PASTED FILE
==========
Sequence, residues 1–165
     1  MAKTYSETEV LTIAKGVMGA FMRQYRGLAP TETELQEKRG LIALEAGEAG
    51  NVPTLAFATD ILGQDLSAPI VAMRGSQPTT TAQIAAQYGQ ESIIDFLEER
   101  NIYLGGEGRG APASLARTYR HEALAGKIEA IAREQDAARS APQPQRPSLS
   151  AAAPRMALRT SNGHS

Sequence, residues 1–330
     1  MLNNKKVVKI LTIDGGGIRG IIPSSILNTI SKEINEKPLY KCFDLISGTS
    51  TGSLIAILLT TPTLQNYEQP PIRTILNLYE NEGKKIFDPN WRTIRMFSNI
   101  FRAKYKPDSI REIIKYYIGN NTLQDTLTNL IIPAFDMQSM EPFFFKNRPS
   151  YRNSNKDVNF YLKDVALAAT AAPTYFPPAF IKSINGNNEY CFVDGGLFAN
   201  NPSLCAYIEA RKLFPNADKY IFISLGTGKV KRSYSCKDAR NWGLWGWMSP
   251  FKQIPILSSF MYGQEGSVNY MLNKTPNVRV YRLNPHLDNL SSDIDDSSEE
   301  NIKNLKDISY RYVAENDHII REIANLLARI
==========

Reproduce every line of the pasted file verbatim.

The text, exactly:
Sequence, residues 1–165
     1  MAKTYSETEV LTIAKGVMGA FMRQYRGLAP TETELQEKRG LIALEAGEAG
    51  NVPTLAFATD ILGQDLSAPI VAMRGSQPTT TAQIAAQYGQ ESIIDFLEER
   101  NIYLGGEGRG APASLARTYR HEALAGKIEA IAREQDAARS APQPQRPSLS
   151  AAAPRMALRT SNGHS

Sequence, residues 1–330
     1  MLNNKKVVKI LTIDGGGIRG IIPSSILNTI SKEINEKPLY KCFDLISGTS
    51  TGSLIAILLT TPTLQNYEQP PIRTILNLYE NEGKKIFDPN WRTIRMFSNI
   101  FRAKYKPDSI REIIKYYIGN NTLQDTLTNL IIPAFDMQSM EPFFFKNRPS
   151  YRNSNKDVNF YLKDVALAAT AAPTYFPPAF IKSINGNNEY CFVDGGLFAN
   201  NPSLCAYIEA RKLFPNADKY IFISLGTGKV KRSYSCKDAR NWGLWGWMSP
   251  FKQIPILSSF MYGQEGSVNY MLNKTPNVRV YRLNPHLDNL SSDIDDSSEE
   301  NIKNLKDISY RYVAENDHII REIANLLARI